Consider the Cover

Dear Mary,

I just discovered the essays of David Foster Wallace not too long ago. I’m late to the game, I know, but I find them good. Really good. Am I being duped? Should I be worried about my ability to recognize good stuff? Are they too good to be true?
Yours sincerely,
Difficulty in Discerning
Dear DID,

Oh, David Foster Wallace! I’m oft queried about this author’s merit. He’s been a favorite of the chic intelligentsia for some time now (my polite way of saying that yes, you are late to the game, but it’s alright as long as you give the impression that you read these essays in elementary school). But that star status makes some people skeptical about a writer’s actual ability to smith words. And just because you enjoy reading something certainly doesn’t mean that it’s any good. Otherwise how would I explain the sixty-seven cat companion mystery novels on my own bookshelves?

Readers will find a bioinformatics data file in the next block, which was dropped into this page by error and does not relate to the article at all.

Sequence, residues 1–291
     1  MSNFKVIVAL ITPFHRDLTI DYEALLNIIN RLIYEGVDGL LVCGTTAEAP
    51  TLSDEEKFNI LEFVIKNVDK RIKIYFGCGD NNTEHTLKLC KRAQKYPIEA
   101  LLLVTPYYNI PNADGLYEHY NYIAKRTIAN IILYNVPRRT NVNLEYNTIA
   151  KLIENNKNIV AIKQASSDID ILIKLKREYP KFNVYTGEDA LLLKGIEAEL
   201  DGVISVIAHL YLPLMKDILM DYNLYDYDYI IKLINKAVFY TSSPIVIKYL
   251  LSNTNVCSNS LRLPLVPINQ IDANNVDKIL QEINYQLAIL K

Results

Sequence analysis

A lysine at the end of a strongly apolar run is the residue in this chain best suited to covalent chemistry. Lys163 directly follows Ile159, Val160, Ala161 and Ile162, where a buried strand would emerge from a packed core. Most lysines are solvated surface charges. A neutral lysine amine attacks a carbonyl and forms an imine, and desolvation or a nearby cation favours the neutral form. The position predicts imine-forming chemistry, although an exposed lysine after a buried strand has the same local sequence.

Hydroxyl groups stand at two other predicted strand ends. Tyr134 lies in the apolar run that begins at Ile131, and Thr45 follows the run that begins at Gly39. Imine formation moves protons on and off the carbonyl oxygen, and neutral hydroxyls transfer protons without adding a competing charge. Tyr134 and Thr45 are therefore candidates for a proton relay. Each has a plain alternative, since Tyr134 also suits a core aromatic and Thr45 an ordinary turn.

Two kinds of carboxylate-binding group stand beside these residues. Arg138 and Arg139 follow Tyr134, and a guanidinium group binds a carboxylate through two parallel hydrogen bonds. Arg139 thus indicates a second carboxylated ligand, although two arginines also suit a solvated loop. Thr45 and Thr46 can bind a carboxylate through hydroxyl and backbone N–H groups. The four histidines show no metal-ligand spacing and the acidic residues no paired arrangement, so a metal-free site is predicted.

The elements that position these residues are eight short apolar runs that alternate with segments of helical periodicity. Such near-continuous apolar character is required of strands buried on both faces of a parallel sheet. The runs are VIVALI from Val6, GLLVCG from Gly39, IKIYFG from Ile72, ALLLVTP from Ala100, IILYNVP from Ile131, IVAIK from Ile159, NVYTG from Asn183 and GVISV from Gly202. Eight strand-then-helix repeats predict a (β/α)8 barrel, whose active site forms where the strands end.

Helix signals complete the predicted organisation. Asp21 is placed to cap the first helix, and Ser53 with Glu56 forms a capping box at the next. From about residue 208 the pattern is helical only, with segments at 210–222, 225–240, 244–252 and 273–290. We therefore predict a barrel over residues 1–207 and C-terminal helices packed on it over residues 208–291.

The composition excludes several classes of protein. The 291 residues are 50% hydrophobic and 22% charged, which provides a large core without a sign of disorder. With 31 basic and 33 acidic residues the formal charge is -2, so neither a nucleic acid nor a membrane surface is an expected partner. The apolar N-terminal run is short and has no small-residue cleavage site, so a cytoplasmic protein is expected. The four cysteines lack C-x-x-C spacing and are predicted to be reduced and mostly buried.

It is a myth that one cannot judge a book by its cover. In fact, the literati in the know will tell you that it is the principle way of assessing a volume’s value. The trick is to know what to look for on any given cover. Consider the Consider the Lobster lobster. It’s gross. DFW even talks about how lobsters are just big, creepy sea bugs that people eat. But before you let that dissuade you from lauding the book, remember that young, hip people are edgy and dark, and a big creepy sea bug may be just the ticket. Plus, the lobster looks like it’s waving to you—and that is unquestionably hilarious. If there is a comely individual sitting across from you on the public transport vehicle, he or she will be tickled to see that crustacean’s salutation. I know I would. So yes, the conclusion must be that DFW’s essays are, in fact, good.



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